With the baptism in the Spirit come the gifts of the Spirit. Within the New Testament Paul lists three major groups of spiritual gifts: Romans 12:3-8, 1Corinthians 12:4-11, and Ephesians 4:11-12. Nowhere, in any of these passages, does Paul distinguish some gifts for men and some gifts for women.
Furthermore, in Paul’s biggest discourse on the gifts (woven throughout the whole book of 1 Corinthians, but especially chapters 12-14) he addressed both women and men in their appropriate use. He said, “Every man who prays or prophesies with his head covered dishonors his head. But every woman who prays or prophesies with her head uncovered dishonors her head…” (1Corinthians 11:4-5). So his words regarding these spiritual gifts in the worship service were addressed to both men and women.
Paul referred to the leaders of the worship service as “prophets” who were utilizing the different spiritual gifts given. 1Corinthians 14:
Now, brothers and sisters, if I come to you and speak in tongues, what good will I be to you, unless I bring you some revelation or knowledge or prophecy or word of instruction? (Greek didache, root meaning is doctrine, implying teaching) (14:6)
What then shall we say, brothers and sisters? When you come together, each of you has a hymn, or a word of instruction (Greek didache), a revelation, a tongue or an interpretation. Everything must be done so that the church may be built up. (14:26)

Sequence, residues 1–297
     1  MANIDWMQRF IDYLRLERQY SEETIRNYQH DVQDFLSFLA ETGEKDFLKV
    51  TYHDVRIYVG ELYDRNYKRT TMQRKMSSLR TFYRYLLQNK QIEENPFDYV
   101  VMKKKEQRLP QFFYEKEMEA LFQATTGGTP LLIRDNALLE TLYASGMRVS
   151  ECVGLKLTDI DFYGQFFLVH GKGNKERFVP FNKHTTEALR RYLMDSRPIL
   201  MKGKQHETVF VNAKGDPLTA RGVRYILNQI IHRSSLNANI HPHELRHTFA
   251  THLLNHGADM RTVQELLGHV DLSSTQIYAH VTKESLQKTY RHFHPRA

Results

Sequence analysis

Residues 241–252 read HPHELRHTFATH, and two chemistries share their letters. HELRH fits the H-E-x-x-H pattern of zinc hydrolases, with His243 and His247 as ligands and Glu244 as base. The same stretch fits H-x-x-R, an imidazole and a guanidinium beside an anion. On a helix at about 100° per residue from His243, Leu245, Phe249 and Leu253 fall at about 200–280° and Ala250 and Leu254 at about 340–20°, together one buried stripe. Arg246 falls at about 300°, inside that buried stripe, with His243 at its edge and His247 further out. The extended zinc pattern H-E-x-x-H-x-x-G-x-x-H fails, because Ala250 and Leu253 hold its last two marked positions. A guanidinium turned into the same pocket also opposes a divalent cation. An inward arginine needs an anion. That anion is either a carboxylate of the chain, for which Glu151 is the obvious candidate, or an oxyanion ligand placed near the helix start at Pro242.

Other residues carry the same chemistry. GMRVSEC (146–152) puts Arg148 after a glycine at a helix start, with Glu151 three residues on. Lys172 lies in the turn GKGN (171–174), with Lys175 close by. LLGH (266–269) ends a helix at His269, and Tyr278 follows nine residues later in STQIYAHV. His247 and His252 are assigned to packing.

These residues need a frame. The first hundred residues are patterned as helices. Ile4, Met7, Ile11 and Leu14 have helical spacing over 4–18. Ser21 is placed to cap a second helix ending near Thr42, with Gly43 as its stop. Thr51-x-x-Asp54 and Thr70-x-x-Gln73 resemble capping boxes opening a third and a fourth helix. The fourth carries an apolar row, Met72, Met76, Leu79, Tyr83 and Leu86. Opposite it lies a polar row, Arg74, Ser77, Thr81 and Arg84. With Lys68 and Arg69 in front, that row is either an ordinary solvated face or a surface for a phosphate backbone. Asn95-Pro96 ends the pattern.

Two or three prophets should speak, and the others should weigh carefully what is said. (14:29)
Presumably, both women and men participated in the worship service. Women not only shared a prophetic word, a tongue, or an interpretation of tongues, but they also shared a revelation, a word of knowledge, or a word of doctrine/teaching. It’s the Spirit who decides who gets what gifts (1 Cor. 12:4). Apparently, he gave all the gifts to both men and women, and women and men freely used them to edify the Body.
The Fabulous Five
Throughout Scripture we find women who served in key leadership roles. Their example should contribute to this subject. Many women were called and empowered to lead within the kingdom of God. I want to highlight five in particular whom the Spirit used in profound ways.
Miriam, gifted as a Prophet. Exodus 2:4, 7; 15:20. She was the sister of Aaron and Moses who, alongside her brothers, provided spiritual leadership to all the people. In fact, the Lord said of her, “I sent Moses to lead you, also Aaron and Miriam.” Micah 6:4b
Deborah, anointed as a Judge [leader] as well as a prophet. Judges 4, 5. Listen to the authority that she had over all the people of Israel: Now Deborah, a prophet, the wife of Lapidoth, was leading Israel at the time. She held court under the Palm of Deborah… and the Israelites went up to her to have their disputes decided. Judges 4:4-5
Phoebe, identified as both a Deaconess (Greek diakonos) and a Benefactor (Greek prostatis). Romans 16:1-2. The interesting thing about Phoebe is that diakonos is the same Greek word Paul used to say that Deacons are to be husbands of but one wife (1 Timothy 3:12). Prostatis is the female derivative of proistemi, which means to rule, to be set over, to preside, to provide aid in support of. Paul used this word when he instructed Elders: The elders who direct (proistemi) the affairs of the church well are worthy of double honor, especially those whose work is preaching and teaching. 1 Timothy 5:17